Behind the Board's original decision and its reversal are three stories.
1. Mr. Trustee Wiesenfeld, who swept the CUNY Board into its unprecedented refusal to honor someone nominated by the faculty of one of its constituent campuses, was not just attacking Tony Kushner in some momentary outburst.
He had earlier temporarily won the dismissal of a Brooklyn College professor (later reversed by the college) for the same reasons; he had led the fight to squash the first Arabic-language charter school in New York, reviling its professional educator Debby Almontaser; he opposed the right of Muslims to create a community center/ mosque in Lower Manhattan. And a network of such bigots has been haunting academia for several years.
This uprising -- which we should take honorable joy in -- is why Benno C. Schmidt Jr., chairman of the CUNY board since 2003 and a former president of Yale University, told the Times that the board had "made a mistake of principle, and not merely of policy," in failing to approve Tony Kushner's degree, at its meeting last Monday. "Freedom of thought and expression is the bedrock of any university worthy of the name," said Mr. Schmidt.
Duhhh! -- It's not likely that Mr. Schmidt was fast asleep and snoring so loud he couldn't hear Mr. Trustee Jeffrey S. Wiesenfeld's "impassioned speech" against a made-up caricature of the real Tony Kushner, when the issue came before the Board last week.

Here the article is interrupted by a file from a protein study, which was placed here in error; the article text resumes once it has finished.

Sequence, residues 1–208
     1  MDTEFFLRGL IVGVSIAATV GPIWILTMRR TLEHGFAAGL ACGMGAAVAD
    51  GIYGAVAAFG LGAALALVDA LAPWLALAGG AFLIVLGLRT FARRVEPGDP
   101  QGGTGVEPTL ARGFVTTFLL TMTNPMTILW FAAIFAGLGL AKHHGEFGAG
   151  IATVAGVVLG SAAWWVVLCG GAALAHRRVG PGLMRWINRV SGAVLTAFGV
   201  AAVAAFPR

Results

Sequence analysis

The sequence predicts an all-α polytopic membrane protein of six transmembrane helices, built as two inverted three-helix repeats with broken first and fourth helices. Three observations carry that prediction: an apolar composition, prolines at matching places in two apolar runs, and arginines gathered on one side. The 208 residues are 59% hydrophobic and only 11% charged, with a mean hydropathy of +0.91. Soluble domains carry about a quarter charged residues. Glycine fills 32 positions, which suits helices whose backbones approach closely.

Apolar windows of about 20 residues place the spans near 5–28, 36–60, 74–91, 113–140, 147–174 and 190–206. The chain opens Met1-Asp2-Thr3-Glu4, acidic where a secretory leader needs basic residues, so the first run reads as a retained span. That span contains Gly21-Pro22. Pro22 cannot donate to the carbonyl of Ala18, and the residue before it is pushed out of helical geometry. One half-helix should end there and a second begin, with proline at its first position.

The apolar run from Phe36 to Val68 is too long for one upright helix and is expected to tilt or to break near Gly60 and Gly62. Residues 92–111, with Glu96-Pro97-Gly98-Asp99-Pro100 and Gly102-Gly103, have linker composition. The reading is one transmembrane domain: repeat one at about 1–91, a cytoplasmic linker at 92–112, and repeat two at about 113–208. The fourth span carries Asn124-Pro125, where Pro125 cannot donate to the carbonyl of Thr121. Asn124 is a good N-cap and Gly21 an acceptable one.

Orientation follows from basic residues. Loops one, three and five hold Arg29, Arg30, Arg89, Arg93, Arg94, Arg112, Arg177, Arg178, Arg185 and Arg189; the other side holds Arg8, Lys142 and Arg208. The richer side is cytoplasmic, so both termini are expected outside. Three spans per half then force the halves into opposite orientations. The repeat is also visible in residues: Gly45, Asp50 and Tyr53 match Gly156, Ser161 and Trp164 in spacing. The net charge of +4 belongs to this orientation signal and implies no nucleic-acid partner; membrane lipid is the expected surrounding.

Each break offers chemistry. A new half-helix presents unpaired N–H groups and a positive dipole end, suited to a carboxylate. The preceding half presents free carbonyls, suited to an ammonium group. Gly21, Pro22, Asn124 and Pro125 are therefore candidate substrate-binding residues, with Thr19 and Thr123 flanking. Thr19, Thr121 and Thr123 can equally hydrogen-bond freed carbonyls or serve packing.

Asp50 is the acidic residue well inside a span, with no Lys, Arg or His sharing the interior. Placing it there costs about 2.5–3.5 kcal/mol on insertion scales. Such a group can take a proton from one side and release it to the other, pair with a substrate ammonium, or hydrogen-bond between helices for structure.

It's more likely Chairman Schmidt was thinking that bigots like Wiesenfeld have more money, more glower, and more power, than gay playwrights, wimpy professors, and soft-hearted peaceniks. If so, he was awakened by the wave of outrage that swept over the CUNY Board.
Five years ago, or even five weeks ago, many of those who rose up might well have rolled their eyes but kept their mouths shut.
Why now? For one thing, a new sense of ferment is bubbling, from Tahrir Square to Madison, Wisconsin. God is troubling the Waters.
3. And the third story: The REALLY New Middle East is challenging Israel to think anew. Its government might respond by making new wars, or seeking a newer, broader peace.
Whichever direction it now takes, those Jews who disagree will be tenser than ever, more fearful that the old path or any new one spells disaster. Expect bitter fights, expect less room for shrugging off the struggle, expect more efforts to "excommunicate" the critics.
In the last two weeks, we have seen the tiny openings for a possible though perilous passage toward peace between Israel and Palestine.
In Israel, for the first time in years those committed to peace have raised their voices with serious proposals for a two-state solution. Thirty crucial veteran leaders of the military / security establishment (not the usual peacenik suspects) have put forward a detailed plan. Hundreds of writers, artists, scholars who are the usual suspects but have for years now kept their mouth shut -- the intellectual flower of Israel -- have also called for action to that end.
Among the Palestinians, Hamas, Islamic Jihad, and Fatah have all agreed to halt attacks on Israel and create a caretaker government of national unity, led by technocrats rather than political figures. Some leaders of Hamas have said that if a majority of the Palestinian people votes for peace with Israel, Hamas will set aside its original framework calling for the abolition of the state of Israel.
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